• Mar
    08
    Posted in:
    Posted by: Jarve Kaplan Granato Starr

    What Are The Primary Causes Of Postoperative Infections?

    Postoperative Infections

    Postoperative infections, also known as surgical site infections or SSIs occur in between 1% and 3% of surgical patients, and they represent the second most common adverse event that can occur in surgical patients that require overnight stays. They vary in seriousness, with some involving only the skin and others involving the tissue under the skin. They can lead to complications ranging from higher expenses and longer hospital stays to required readmission and even to patient death.

    Studies have shown that postoperative infections are most common following surgeries on parts of the body that are known to have high quantities of bacteria, such as the bowel. Wounds that are considered clean makeup less than 2% of surgical site infections and these infections are generally limited to the skin. By contrast, when surgery is done on an area where gross contamination is present with no obvious infection, it is believed that bacteria are introduced when the surgical field is contaminated by these bacteria, which accounts for 20% of surgical site infections. Surgeries conducted on sites where an active infection is already presented are considered dirty wounds where bacteria are likely to be found. These types of surgeries account for more than 40% of infections.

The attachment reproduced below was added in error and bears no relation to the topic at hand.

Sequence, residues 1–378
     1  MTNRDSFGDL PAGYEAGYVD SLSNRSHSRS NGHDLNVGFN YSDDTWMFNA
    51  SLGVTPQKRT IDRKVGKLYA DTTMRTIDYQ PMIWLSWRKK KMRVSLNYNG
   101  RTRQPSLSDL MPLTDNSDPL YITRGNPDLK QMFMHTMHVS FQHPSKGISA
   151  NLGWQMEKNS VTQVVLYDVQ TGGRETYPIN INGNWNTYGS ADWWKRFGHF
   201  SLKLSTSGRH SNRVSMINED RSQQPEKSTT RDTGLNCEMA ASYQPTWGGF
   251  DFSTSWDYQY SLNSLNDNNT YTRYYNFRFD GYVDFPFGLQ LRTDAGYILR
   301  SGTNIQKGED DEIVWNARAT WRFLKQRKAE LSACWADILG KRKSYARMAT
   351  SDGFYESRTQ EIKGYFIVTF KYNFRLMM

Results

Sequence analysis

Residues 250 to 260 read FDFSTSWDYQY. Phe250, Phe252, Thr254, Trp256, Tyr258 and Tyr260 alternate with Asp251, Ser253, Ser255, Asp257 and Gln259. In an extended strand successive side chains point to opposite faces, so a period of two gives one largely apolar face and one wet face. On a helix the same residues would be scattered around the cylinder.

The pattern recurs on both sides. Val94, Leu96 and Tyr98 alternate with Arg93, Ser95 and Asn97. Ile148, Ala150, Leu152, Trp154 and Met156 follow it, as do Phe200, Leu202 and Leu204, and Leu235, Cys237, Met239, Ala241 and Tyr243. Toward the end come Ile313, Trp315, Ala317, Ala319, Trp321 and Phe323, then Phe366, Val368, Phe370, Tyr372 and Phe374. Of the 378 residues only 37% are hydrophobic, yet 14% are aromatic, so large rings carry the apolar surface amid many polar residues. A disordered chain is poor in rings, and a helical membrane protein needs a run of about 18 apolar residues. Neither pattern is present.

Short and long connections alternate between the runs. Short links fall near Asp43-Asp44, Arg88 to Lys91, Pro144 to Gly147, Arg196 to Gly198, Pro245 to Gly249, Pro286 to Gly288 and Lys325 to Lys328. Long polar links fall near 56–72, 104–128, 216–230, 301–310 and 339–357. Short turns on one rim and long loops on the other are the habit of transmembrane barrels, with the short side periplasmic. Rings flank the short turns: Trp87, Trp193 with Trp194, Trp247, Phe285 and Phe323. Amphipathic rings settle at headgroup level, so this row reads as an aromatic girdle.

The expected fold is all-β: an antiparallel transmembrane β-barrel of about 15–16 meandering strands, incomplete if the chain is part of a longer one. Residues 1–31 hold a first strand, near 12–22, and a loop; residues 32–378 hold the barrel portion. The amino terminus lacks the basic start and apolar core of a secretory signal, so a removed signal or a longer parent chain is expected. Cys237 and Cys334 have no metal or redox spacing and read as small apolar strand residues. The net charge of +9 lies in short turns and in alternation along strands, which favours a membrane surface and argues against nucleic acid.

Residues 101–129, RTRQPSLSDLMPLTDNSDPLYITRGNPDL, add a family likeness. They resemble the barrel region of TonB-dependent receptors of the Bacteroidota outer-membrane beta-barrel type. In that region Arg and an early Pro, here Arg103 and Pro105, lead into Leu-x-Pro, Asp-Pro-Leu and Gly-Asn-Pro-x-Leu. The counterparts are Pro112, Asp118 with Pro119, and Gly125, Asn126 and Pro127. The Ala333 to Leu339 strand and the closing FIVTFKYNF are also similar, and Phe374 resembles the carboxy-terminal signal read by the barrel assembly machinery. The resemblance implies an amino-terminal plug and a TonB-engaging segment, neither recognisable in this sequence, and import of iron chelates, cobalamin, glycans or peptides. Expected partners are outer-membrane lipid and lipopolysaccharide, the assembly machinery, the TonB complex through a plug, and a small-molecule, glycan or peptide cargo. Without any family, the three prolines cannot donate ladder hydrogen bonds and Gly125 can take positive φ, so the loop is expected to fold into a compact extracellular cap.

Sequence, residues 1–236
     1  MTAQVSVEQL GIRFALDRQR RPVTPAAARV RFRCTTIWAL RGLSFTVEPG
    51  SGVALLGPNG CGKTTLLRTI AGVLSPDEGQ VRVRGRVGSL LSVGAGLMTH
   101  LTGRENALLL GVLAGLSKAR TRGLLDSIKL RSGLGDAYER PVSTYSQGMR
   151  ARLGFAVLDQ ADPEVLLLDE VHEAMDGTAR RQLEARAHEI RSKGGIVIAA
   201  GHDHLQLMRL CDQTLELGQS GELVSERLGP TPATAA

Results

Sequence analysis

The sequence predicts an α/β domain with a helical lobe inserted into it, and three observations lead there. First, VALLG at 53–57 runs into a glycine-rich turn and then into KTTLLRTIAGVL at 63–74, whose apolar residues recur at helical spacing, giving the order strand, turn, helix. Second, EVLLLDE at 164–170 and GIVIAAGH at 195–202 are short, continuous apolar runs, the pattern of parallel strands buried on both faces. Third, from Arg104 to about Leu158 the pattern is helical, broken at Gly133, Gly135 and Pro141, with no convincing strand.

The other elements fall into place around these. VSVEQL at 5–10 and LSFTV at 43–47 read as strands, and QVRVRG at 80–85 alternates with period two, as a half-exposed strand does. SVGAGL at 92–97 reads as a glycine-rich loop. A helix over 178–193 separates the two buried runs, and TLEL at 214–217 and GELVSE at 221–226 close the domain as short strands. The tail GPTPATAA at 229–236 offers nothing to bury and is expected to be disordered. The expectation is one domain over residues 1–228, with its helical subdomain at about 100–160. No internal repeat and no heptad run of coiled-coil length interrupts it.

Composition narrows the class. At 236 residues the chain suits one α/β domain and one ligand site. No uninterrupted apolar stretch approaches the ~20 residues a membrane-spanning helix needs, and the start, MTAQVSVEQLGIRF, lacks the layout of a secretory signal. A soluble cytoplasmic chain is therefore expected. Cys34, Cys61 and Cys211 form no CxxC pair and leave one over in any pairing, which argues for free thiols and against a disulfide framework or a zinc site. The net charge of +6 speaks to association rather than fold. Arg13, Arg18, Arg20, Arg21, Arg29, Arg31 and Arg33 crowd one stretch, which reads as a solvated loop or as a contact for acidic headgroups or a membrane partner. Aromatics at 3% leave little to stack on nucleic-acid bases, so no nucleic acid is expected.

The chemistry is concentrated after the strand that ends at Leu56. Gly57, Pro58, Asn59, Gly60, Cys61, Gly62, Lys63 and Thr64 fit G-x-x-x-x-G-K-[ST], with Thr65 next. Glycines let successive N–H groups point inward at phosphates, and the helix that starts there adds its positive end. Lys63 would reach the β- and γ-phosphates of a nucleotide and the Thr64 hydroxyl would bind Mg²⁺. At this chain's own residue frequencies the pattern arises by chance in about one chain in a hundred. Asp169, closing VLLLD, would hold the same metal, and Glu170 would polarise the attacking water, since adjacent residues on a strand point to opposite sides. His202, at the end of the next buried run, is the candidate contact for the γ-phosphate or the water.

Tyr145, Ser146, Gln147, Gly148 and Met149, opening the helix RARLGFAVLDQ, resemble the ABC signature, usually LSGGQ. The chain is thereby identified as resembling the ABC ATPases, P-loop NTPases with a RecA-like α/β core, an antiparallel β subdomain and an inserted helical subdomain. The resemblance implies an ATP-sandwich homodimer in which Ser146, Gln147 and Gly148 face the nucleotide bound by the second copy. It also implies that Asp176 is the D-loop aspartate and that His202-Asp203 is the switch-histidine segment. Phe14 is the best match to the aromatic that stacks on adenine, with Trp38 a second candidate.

Though the presence of bacteria is a high risk for surgical site infection, there are also certain patient risk factors such as gender and age, as well as whether a patient is a smoker, is obese, is nutritionally deficient or has diabetes. The length of time that surgery takes can also be a factor, with more infections occurring in surgeries that last more than two hours.

    In addition to following proper intraoperative hygiene protocols, one of the most important things that a physician can do to prevent postoperative infection is to properly use prophylactic antibiotics prior to surgery, topical antibiotics and antimicrobial dressings. Shaving of surgical sites, once common, has been identified as a source of potential infection and is now being discouraged in most cases. A study conducted by the Institute for Healthcare Improvement suggests that prophylactic antibiotics are not being used to their best advantage, including preoperatively and during surgery, and made several recommendations regarding improvements that could be made to ensure proper dosage and timing of drug delivery.

    If you or someone you love suffered a postoperative infection and you believe that it was the result of negligence or medical malpractice, we can help. Contact us today to set up a time for us to discuss what happened to you.

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